Labour antisemitism row: Naz Shah's suspension lifted

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Labour has lifted the suspension of Bradford West MP Naz Shah, who was disciplined over Facebook posts that suggested Israelis be deported to the US.

Shah, who said she deeply regretted her remarks, resigned as an aide to the shadow chancellor, John McDonnell, after a number of posts made before she was elected surfaced from Facebook.

The MP, who won the seat for Labour from Respect MP George Galloway in 2015, used a point of order in the House of Commons to apologise for what she had posted. “Antisemitism is racism, full stop,” she said. “As an MP, I will do everything in my power to build relations between Muslims, Jews and people of different faiths and none.”

She also published an opinion piece in the Jewish News, saying she wanted to make “an unequivocal apology for statements and ideas that I have foolishly endorsed in the past”.

Despite initially backing the MP after her apology, the Labour leader, Jeremy Corbyn, suspended her from the party in April pending an investigation, stripping her of the parliamentary whip and preventing her from undertaking any party activity.

During the height of the Israeli offensive in Gaza two years ago, Shah shared a picture that showed the state of Israel being relocated to the US, adding the caption “problem solved”.

In another controversial post, the MP urged followers to vote in an online poll about the Gaza war, claiming the result was skewed because “the Jews are rallying to the poll”.

Jeremy Newmark, chair of the Jewish Labour Movement, said he welcomed the lifting of Shah’s suspension. “She has proven herself to be a bold and courageous agent of change at a time when strong leadership on this issue is so important,” he added.

The Board of Deputies of British Jews said there was a clear demarcation between Shah and several others, including Ken Livingstone, who had been suspended by Labour for alleged antisemitism.

“Naz Shah stands out as someone who has been prepared to apologise to the Jewish community at a local and national level, and make efforts to learn from her mistakes,” a spokesperson said. “In that regard, her reinstatement today seems appropriate and we would hope for no repeat of past errors.”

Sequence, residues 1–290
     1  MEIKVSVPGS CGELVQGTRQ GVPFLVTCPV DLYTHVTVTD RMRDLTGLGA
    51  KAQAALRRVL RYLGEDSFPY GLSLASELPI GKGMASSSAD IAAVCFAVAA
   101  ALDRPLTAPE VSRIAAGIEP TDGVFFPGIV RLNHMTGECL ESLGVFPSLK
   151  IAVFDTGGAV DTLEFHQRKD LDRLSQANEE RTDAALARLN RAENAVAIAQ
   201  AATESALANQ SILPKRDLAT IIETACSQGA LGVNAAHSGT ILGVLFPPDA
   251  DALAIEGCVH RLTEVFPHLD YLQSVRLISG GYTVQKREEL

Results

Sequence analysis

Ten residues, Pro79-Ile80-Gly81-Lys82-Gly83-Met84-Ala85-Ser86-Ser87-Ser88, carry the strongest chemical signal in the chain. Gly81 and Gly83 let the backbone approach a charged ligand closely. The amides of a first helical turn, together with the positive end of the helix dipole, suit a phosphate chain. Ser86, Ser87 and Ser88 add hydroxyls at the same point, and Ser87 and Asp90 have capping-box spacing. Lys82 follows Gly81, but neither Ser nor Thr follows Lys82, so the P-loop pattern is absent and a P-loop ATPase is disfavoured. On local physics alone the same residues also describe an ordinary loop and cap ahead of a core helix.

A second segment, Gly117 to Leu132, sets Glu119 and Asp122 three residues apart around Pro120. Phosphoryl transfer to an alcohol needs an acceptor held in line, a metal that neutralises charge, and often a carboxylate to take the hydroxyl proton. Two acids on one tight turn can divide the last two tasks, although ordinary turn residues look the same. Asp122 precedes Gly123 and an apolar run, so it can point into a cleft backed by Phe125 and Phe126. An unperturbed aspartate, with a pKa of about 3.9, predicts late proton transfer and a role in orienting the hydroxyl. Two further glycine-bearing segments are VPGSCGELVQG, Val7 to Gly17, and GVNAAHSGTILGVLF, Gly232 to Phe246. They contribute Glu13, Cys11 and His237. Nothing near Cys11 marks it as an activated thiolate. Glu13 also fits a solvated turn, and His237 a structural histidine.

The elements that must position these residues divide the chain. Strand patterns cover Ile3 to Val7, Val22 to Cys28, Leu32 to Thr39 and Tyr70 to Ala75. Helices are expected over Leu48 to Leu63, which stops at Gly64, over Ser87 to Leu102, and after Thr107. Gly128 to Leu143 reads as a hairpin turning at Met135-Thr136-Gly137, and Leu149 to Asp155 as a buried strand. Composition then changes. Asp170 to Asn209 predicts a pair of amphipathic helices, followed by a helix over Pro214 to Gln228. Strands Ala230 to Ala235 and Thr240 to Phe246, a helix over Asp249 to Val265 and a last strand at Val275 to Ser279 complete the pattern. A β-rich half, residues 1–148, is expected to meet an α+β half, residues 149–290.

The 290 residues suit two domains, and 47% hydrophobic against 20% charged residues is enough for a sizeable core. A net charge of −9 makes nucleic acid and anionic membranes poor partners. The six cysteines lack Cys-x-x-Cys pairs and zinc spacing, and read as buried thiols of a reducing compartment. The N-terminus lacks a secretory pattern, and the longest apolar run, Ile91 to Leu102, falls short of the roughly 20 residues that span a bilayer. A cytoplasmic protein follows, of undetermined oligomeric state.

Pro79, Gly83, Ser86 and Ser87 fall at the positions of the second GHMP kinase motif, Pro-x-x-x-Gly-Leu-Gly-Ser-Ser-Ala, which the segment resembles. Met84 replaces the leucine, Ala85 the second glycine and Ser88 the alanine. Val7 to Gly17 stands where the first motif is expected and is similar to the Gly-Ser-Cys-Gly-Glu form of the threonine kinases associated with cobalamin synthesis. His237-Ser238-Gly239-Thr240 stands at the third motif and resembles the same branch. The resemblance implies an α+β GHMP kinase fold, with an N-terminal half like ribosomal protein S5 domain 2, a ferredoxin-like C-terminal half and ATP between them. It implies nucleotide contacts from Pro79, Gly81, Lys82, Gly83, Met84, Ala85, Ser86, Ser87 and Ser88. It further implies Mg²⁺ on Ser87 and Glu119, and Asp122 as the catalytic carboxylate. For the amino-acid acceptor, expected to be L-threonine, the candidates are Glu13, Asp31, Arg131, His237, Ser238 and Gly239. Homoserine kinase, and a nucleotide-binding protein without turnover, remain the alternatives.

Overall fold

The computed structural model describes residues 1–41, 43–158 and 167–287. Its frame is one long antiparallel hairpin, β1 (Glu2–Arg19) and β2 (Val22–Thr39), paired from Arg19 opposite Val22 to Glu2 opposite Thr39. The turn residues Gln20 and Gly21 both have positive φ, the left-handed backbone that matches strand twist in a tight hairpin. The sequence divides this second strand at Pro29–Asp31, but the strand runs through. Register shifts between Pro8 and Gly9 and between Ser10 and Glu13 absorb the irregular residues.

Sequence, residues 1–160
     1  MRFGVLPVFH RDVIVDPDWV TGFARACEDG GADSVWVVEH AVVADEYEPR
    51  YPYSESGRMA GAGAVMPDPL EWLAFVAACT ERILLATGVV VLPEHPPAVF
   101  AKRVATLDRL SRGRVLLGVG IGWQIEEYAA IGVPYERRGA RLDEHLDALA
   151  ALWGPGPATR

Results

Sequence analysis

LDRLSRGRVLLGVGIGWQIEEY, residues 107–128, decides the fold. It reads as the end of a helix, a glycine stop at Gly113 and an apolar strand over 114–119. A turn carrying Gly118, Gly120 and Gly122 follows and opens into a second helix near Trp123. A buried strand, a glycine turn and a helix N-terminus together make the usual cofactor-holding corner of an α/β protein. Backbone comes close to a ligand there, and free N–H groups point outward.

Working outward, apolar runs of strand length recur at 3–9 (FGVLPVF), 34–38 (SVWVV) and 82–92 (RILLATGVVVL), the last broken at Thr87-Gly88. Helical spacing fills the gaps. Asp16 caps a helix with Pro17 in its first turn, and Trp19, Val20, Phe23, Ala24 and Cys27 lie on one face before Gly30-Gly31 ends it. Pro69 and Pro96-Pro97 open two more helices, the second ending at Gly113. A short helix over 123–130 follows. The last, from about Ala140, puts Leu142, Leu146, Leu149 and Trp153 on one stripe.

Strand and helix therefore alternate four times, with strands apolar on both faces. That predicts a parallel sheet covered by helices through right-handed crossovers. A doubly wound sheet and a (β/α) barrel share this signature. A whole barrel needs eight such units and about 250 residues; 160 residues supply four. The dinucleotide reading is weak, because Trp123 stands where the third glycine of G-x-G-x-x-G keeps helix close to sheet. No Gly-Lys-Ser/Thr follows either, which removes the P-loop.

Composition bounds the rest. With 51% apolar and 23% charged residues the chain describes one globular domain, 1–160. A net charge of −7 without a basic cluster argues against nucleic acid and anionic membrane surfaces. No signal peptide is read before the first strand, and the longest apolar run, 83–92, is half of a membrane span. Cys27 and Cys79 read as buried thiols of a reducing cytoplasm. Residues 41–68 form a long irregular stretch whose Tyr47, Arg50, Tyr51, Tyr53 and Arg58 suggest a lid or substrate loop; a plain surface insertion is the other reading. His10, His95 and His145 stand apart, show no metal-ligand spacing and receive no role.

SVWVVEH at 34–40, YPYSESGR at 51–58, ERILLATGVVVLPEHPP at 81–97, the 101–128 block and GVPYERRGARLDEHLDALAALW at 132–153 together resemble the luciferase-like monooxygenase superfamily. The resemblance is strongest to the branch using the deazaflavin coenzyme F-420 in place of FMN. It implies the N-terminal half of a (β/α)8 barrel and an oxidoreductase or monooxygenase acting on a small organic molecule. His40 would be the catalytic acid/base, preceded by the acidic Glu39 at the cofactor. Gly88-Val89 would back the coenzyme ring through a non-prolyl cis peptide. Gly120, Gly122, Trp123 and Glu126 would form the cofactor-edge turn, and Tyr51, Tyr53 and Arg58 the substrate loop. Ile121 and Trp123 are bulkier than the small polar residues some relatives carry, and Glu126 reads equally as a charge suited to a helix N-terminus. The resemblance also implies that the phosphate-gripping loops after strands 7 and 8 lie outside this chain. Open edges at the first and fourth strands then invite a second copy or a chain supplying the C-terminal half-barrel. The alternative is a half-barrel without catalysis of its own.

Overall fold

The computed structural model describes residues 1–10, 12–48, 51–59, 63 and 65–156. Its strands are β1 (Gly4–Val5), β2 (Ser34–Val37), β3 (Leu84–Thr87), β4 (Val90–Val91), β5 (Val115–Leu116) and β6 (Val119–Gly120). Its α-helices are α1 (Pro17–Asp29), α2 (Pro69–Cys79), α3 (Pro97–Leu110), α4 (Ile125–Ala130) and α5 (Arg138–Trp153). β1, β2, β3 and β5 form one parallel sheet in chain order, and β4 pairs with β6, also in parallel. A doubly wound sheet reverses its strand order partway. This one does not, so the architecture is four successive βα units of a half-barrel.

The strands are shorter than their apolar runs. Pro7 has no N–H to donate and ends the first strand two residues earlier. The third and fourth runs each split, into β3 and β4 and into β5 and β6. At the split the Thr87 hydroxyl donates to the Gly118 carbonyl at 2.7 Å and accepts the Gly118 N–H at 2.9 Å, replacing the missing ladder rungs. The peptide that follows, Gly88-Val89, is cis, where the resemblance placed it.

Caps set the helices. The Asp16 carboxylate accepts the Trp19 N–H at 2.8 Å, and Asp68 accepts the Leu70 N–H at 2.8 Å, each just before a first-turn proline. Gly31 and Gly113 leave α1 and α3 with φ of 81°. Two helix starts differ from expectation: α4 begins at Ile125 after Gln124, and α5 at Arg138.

Concerns over antisemitism within Labour led Corbyn to commission an independent report by Shami Chakrabarti, former director of human rights organisation Liberty, which was released last week and recommended some changes to party procedures.

But the event that launched the report was somewhat marred after the Labour leader said Jews were “no more responsible for the actions of Israel” than Muslims were for the “various self-styled Islamic states or organisations”.

Corbyn had intended to refer to states of an Islamic character, giving the examples of Saudi Arabia, Pakistan, Iran or Hamas in Gaza, but was widely reported to have compared Israel to terror group Islamic State.

On Monday the Labour leader told the home affairs select committee, which is conducting its own investigation, that it would have been better “in hindsight” had he referred to “Islamic countries”.

Corbyn said that appropriate action had been taken by the party’s compliance unit after allegations of antisemitism and fewer than 20 activists had been suspended while their cases were investigated.

Powered by Guardian.co.ukThis article was written by Jessica Elgot, for The Guardian on Tuesday 5th July 2016 19.19 Europe/London

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